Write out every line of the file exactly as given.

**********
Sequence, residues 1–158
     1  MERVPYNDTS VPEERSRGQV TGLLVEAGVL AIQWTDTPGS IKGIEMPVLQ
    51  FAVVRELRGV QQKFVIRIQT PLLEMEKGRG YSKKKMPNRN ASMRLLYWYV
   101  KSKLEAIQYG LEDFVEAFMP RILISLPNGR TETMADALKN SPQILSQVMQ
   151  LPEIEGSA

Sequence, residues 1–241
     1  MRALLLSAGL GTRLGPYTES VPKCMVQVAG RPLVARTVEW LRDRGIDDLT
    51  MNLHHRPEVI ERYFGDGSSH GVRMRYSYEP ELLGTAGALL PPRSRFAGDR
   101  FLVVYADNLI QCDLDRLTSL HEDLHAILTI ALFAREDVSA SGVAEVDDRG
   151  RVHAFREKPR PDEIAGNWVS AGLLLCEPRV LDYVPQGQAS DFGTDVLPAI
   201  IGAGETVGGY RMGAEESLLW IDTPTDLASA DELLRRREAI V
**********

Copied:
Sequence, residues 1–158
     1  MERVPYNDTS VPEERSRGQV TGLLVEAGVL AIQWTDTPGS IKGIEMPVLQ
    51  FAVVRELRGV QQKFVIRIQT PLLEMEKGRG YSKKKMPNRN ASMRLLYWYV
   101  KSKLEAIQYG LEDFVEAFMP RILISLPNGR TETMADALKN SPQILSQVMQ
   151  LPEIEGSA

Sequence, residues 1–241
     1  MRALLLSAGL GTRLGPYTES VPKCMVQVAG RPLVARTVEW LRDRGIDDLT
    51  MNLHHRPEVI ERYFGDGSSH GVRMRYSYEP ELLGTAGALL PPRSRFAGDR
   101  FLVVYADNLI QCDLDRLTSL HEDLHAILTI ALFAREDVSA SGVAEVDDRG
   151  RVHAFREKPR PDEIAGNWVS AGLLLCEPRV LDYVPQGQAS DFGTDVLPAI
   201  IGAGETVGGY RMGAEESLLW IDTPTDLASA DELLRRREAI V